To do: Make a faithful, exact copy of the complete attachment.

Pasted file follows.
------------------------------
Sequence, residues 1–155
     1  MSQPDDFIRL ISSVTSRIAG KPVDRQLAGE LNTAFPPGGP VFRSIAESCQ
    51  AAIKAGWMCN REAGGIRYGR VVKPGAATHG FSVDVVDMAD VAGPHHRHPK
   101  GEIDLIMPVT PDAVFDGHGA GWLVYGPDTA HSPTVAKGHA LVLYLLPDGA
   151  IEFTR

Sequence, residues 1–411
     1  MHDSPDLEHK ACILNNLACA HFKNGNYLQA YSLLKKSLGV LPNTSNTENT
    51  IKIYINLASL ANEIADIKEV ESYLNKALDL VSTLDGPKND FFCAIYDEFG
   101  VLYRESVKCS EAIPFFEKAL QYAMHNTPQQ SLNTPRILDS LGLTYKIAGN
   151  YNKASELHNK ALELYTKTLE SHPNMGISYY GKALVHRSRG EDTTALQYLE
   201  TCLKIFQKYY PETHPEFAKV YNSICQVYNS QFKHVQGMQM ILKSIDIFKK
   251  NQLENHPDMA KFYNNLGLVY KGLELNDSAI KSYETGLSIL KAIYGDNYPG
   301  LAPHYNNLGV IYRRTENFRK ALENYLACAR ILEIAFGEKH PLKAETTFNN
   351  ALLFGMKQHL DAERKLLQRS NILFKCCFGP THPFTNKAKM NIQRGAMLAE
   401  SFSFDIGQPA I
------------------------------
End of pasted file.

Sequence, residues 1–155
     1  MSQPDDFIRL ISSVTSRIAG KPVDRQLAGE LNTAFPPGGP VFRSIAESCQ
    51  AAIKAGWMCN REAGGIRYGR VVKPGAATHG FSVDVVDMAD VAGPHHRHPK
   101  GEIDLIMPVT PDAVFDGHGA GWLVYGPDTA HSPTVAKGHA LVLYLLPDGA
   151  IEFTR

Sequence, residues 1–411
     1  MHDSPDLEHK ACILNNLACA HFKNGNYLQA YSLLKKSLGV LPNTSNTENT
    51  IKIYINLASL ANEIADIKEV ESYLNKALDL VSTLDGPKND FFCAIYDEFG
   101  VLYRESVKCS EAIPFFEKAL QYAMHNTPQQ SLNTPRILDS LGLTYKIAGN
   151  YNKASELHNK ALELYTKTLE SHPNMGISYY GKALVHRSRG EDTTALQYLE
   201  TCLKIFQKYY PETHPEFAKV YNSICQVYNS QFKHVQGMQM ILKSIDIFKK
   251  NQLENHPDMA KFYNNLGLVY KGLELNDSAI KSYETGLSIL KAIYGDNYPG
   301  LAPHYNNLGV IYRRTENFRK ALENYLACAR ILEIAFGEKH PLKAETTFNN
   351  ALLFGMKQHL DAERKLLQRS NILFKCCFGP THPFTNKAKM NIQRGAMLAE
   401  SFSFDIGQPA I